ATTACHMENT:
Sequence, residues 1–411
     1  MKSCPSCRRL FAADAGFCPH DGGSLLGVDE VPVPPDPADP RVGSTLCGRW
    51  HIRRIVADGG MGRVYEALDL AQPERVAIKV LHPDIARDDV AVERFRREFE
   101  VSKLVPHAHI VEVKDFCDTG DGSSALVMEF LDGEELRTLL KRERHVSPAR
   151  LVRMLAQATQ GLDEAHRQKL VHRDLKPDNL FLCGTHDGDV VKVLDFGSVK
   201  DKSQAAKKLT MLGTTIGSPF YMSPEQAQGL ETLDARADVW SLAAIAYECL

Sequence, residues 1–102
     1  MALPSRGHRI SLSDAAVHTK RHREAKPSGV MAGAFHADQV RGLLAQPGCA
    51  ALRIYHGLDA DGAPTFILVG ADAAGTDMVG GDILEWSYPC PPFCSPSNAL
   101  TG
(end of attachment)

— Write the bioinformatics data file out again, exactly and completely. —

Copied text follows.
Sequence, residues 1–411
     1  MKSCPSCRRL FAADAGFCPH DGGSLLGVDE VPVPPDPADP RVGSTLCGRW
    51  HIRRIVADGG MGRVYEALDL AQPERVAIKV LHPDIARDDV AVERFRREFE
   101  VSKLVPHAHI VEVKDFCDTG DGSSALVMEF LDGEELRTLL KRERHVSPAR
   151  LVRMLAQATQ GLDEAHRQKL VHRDLKPDNL FLCGTHDGDV VKVLDFGSVK
   201  DKSQAAKKLT MLGTTIGSPF YMSPEQAQGL ETLDARADVW SLAAIAYECL

Sequence, residues 1–102
     1  MALPSRGHRI SLSDAAVHTK RHREAKPSGV MAGAFHADQV RGLLAQPGCA
    51  ALRIYHGLDA DGAPTFILVG ADAAGTDMVG GDILEWSYPC PPFCSPSNAL
   101  TG